• D

      I, too, apologize if you felt unsupported. Like ExerciseGrace said … sometimes people give us hard truths. We need them. As my comment stated … I’m not doubting what your husband said or how he feels now with the affair behind him. I’m not doubting that he would believe this is the worst mistake of his life and he doesn’t ever want to repeat it. I’m actually extremely doubtful of the OP (other person). While we know that some cheaters seek out affairs (Sex addicts and/or narcissists) … not every cheater is a narcissist. Good men and good women make horrible mistakes! Why? Because they MET a narcissist. Anyone who would knowingly and willingly pursue a married person IS a narcissist. Anyone that has no problem holding the hand with a ring put there by someone else IS a narcissist. This person is unable to reflect: “How would I feel if this were done to me?” They are more interested in the lusty “love” story to brag about with immoral friends than caring about who is harmed to get it.

      All of us in life have friends of the opposite gender. If you ask an unfaithful, months after the affair is over, why was this friend different … they tell you, the attention they received was ungodly. They felt “seen” and “understood.” This person not only felt like a new friend, but a best friend. This person was on them like white on rice! Then you realize, the OP was a narcissist who groomed their prey. They related, mirrored, love bombed, enticed, manipulated, etc. Narcissists are overly sexualized people who don’t grasp the concept of boundaries or appropriateness. They start talking about sexcapades and what not, fancying themselves a Femme Fatale or Rico Suave. Our spouses, in brokenness, fell for it. And in affair fog, fell into affair related narcissism. They believed the lies that they are so sexy, so awesome, so incredible and they deserve to be happy. They deserve this new lusty romance!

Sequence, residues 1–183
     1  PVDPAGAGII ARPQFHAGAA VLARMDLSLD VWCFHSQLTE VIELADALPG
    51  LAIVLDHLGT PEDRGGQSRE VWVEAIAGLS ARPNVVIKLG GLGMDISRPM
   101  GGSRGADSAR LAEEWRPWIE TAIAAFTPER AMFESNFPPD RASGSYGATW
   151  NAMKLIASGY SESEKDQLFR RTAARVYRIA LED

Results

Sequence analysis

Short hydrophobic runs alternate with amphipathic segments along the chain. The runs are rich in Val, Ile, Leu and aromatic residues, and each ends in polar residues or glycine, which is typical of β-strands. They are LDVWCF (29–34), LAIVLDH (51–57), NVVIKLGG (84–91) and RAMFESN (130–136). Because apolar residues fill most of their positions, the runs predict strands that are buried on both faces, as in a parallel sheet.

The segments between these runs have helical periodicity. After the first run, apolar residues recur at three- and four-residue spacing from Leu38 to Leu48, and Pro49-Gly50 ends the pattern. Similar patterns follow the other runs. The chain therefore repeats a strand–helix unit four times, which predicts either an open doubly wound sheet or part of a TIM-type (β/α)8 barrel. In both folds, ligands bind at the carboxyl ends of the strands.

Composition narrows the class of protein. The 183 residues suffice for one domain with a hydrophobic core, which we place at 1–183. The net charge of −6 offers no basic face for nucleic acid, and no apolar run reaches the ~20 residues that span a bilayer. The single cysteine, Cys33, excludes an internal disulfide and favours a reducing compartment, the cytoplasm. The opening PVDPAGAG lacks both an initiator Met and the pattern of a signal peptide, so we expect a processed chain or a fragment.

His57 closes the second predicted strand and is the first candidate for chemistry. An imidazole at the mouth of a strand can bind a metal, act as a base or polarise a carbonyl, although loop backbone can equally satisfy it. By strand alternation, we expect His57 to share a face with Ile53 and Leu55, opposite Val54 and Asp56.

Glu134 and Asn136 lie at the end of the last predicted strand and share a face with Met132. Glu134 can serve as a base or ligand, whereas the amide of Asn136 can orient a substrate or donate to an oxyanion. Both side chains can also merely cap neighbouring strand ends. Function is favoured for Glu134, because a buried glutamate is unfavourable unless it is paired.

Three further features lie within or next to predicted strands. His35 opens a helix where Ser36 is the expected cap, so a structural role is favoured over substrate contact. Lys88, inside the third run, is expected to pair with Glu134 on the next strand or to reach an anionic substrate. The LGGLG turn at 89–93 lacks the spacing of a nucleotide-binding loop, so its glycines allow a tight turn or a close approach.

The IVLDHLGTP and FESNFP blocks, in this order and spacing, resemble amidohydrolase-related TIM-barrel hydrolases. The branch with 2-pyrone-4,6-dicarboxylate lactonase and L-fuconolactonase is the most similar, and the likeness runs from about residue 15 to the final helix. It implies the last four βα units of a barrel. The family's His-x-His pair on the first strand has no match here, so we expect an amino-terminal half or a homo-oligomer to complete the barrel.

But our spouses snapped out of it as the fog died. They eventually stop blaming, deflecting, & gas lighting. They show remorse and put in the work to heal. They learn a lesson! The OP doesn’t learn. Trust me, they keep stalking … smearing … and even bait texting/calling. I don’t know any OP that simply went away quietly. They try to think of a reason to text … butt dial, mutual friend in trouble, drunk calling, or simply wanted to check in. I hope your case is different.

      No matter what, these OPs can’t take away our love stories with our spouses. Our spouses chose us when they were the best version of themselves as human beings. When they weren’t stressed, or in pain, or kicked by life or circumstance. When they were free to date anyone they wanted, they chose us, they pursued us, they showed us off and they wanted us for marriage. In the common affair, OPs are not chosen. There is no selection. It’s the only one that falls into your lap. It’s usually a coworker, a mutual friend/acquaintance, etc … it normally begins as “just friends” but of course, unlike you or me … this person has no concept of platonic.